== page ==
In 1993, my mother and I shared Valentine’s Day. Each of us would have been alone that Valentine’s Day, had we not had each other.
For me, that day was V-Day or VD. I celebrated it as a day to enjoy my independence from the vagaries of love [LUUUUUhV].
My mother saw it as a day to celebrate her role as a mother. Our 1993 Valentine’s Day was the last one we had before I found another love. She would always remember this day in the years to follow.
In those following Valentine’s Day phone calls she would say, “Remember our last Valentine’s Day alone? We had drinks at Red Lobster and then moved on to the Spaghetti Warehouse. Remember?”
My response would be, “Yes, Mom. I remember. You loved downtown Knoxville. It reminded you of your days as a single woman, right?”
“I loved that we were spending THAT night together,” she would reply with a little sadness in her voice.
In March of 1993, I found the man who insisted that he not complete me, but complement me. It was a whirlwind.
We dated and moved in together that following September, against my mother’s wishes. That Valentine’s Day in 1994 she would be despondent.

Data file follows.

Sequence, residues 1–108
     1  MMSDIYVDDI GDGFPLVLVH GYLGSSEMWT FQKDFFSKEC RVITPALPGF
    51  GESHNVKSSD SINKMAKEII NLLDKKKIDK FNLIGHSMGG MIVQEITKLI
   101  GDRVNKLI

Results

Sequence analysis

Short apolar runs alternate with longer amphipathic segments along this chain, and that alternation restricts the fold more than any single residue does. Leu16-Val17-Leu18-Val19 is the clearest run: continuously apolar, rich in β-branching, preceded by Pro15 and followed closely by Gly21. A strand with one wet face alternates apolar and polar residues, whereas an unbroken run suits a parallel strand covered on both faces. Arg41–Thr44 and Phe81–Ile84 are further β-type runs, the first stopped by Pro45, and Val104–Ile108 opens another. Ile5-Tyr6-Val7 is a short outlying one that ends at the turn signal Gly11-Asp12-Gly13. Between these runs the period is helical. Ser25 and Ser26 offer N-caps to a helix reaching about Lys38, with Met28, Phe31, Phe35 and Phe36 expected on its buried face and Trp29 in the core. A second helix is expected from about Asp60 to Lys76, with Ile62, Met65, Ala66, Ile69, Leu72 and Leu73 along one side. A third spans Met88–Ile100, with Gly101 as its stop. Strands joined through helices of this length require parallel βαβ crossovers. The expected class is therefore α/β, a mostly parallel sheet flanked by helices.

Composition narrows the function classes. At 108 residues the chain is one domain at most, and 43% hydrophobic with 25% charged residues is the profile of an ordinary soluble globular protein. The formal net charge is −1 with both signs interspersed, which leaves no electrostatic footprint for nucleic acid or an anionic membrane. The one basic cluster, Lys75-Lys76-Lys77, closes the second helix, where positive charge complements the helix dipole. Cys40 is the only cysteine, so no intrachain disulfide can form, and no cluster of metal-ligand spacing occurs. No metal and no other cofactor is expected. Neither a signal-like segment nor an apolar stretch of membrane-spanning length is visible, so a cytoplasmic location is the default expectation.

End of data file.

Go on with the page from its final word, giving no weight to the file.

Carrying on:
For my mother, I think she felt her love had been replaced. On outward appearances, yes. Deep inside though, I still loved my mother as strongly as I had that prior Valentine’s Day.
She would feel much better about this “replacement” when the man who had “taken” me “away from her” proposed in September of 1994. This became the point of healing.
She had a wedding to plan, but it was still extremely painful for her to let go of her first child. My mother was not shy about expressing her feelings … to me and my future husband.
I still see the mixture of pain and pride in her face in this photograph taken at our wedding (Image by Rob Heller).
Someday, I will feel this pain in the same way. But for now, I enjoy the valentines my children give me and remember that evening so long ago at the Spaghetti Warehouse in Knoxville’s Old City.
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